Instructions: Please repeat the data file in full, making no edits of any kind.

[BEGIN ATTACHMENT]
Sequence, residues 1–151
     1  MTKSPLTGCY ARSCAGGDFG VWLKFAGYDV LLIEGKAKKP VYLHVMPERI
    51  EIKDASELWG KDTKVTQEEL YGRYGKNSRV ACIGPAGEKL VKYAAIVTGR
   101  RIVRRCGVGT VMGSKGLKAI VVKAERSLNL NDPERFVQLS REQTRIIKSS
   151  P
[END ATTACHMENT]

Sequence, residues 1–151
     1  MTKSPLTGCY ARSCAGGDFG VWLKFAGYDV LLIEGKAKKP VYLHVMPERI
    51  EIKDASELWG KDTKVTQEEL YGRYGKNSRV ACIGPAGEKL VKYAAIVTGR
   101  RIVRRCGVGT VMGSKGLKAI VVKAERSLNL NDPERFVQLS REQTRIIKSS
   151  P